An average city (unknown) somewhere in western Japan houses the new residence-studio of a famous Japanese artist, whose name is not mentioned here for privacy reasons. Amidst the neighboring constructions – two-story single family housing units haphazardly distributed on the block –, the three volumes which make up this house can be set apart from the rest thanks to the black metal sheet that covers the facades and roofs completely.
An average city (unknown) somewhere in western Japan houses the new residence – The original idea of the house came from a visit to the south of China, where a type of dwelling known as hakka gather around a web of small and narrow footpaths (called hu-tong), used not only as public spaces but also as extensions of the dwelling, and as places to carry out housework. The meeting with the neighbors of these houses revealed that in their daily life they also used the term hu-tong to refer to the inner court of their houses, conceived as an extension of the street, noisy and dynamic, rather than a private and silent space. All this, and within the context of a research on a prototype of “Asian residential space”, led to organizing the dwelling in three pavilions (like in hakka houses and also in Balinese dwellings) connected by an exterior semipublic corridor.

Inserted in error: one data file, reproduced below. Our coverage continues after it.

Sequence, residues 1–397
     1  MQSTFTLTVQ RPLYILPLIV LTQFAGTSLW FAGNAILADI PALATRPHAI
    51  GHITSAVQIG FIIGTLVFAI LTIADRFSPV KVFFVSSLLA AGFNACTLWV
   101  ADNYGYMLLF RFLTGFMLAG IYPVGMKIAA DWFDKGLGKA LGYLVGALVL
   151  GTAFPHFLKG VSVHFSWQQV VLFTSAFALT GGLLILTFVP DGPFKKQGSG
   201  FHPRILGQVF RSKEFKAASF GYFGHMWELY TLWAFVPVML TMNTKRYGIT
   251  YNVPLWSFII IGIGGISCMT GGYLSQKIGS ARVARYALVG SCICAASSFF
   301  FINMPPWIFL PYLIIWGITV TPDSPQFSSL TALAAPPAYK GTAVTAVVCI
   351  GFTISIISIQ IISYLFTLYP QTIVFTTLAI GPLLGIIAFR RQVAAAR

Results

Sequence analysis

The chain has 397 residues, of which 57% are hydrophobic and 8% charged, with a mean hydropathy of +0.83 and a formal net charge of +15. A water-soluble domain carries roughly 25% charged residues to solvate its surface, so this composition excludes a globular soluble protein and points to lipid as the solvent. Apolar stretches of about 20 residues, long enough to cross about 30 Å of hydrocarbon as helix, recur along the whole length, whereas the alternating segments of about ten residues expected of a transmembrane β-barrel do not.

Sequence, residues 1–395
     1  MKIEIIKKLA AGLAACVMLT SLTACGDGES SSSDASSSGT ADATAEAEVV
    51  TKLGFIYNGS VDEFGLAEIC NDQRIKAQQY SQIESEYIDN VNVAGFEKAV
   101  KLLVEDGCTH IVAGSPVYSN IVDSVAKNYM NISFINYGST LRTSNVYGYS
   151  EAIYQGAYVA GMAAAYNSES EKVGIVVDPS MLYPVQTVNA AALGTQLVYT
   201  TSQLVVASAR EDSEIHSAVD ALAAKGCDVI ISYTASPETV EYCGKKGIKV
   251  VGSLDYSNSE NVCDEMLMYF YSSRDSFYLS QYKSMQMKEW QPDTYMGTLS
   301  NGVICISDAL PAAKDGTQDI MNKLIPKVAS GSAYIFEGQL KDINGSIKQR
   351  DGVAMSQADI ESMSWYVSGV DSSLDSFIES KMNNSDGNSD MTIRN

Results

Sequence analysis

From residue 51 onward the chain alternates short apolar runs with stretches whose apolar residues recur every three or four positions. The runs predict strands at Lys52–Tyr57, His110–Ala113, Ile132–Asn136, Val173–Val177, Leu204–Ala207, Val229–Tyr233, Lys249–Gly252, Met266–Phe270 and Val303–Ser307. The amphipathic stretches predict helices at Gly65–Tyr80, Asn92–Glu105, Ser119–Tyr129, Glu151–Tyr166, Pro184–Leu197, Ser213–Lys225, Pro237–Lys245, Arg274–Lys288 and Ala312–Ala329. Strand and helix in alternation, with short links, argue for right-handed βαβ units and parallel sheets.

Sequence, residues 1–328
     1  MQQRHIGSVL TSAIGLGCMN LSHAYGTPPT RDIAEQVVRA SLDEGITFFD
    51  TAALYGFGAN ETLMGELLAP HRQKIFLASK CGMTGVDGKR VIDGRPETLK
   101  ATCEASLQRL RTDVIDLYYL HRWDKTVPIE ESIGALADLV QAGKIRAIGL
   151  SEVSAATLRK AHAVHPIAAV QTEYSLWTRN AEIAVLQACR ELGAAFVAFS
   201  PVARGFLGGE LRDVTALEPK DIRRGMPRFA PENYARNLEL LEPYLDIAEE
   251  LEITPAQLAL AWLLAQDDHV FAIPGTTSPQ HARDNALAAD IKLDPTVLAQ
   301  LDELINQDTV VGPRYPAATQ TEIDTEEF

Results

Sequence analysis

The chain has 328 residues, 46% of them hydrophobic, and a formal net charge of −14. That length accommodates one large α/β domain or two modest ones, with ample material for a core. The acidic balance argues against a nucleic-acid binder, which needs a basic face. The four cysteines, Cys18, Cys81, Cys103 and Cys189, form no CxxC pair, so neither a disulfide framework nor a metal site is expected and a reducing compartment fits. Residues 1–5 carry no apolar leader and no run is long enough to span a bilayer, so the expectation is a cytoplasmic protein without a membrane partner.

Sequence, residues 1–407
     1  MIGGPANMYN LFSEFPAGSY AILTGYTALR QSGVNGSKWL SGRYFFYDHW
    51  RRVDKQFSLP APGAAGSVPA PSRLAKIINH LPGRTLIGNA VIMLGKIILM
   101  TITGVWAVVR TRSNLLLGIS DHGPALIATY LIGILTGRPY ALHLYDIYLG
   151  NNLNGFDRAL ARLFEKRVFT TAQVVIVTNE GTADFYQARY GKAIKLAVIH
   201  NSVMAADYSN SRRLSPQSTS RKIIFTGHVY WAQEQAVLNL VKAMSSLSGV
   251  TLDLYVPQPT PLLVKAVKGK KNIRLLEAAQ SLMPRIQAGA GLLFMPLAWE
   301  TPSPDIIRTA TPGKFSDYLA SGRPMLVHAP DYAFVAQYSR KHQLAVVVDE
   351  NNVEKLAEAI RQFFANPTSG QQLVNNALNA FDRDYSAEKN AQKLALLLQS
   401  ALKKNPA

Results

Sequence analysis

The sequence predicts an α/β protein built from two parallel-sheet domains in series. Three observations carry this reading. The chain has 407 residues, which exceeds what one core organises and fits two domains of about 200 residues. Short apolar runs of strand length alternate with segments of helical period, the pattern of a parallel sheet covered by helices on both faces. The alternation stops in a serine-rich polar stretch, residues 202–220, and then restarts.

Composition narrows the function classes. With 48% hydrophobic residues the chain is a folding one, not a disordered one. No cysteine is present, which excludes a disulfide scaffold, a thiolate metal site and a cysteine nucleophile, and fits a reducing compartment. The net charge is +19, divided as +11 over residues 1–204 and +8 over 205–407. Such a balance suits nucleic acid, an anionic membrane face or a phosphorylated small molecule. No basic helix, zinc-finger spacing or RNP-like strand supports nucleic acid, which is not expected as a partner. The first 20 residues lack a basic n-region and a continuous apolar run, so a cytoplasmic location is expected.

Conceived as a sequence, the house unfolds as one moves through the corridor, a wooded deck that covers the three pieces and which cannot be contemplated in its entirety from any point. Starting out parallel to the street, the corridor serves as a foyer, covered by a light pergola of translucent glass, until it folds to form the central courtyard-path. The rooms are arranged to both sides – bedrooms to the right, kitchen, dining and living room to the left –, distributed in the interior of each pavilion without connecting corridors. Holding the roof, the support walls have been placed like wings of a theater stage, so ensuring that the bedrooms shall have the needed privacy. The third pavilion goes up at the back to house the two-story studio, the highest piece of the whole. A small flight of stairs, the last stretch of the itinerary that began at street level, leads to the upper level and the tatami room.
The whole structure is built in wood, which together with the sloping roof and the plasterboard surfaces, guarantees that the acoustic demands expressed by the owner shall be fulfilled. On the outside, the undulating metal sheet painted black transforms the rooms-buildings of this house-city into sculptures... [+]
Waro Kishi + K. Associates
Urban Design Institute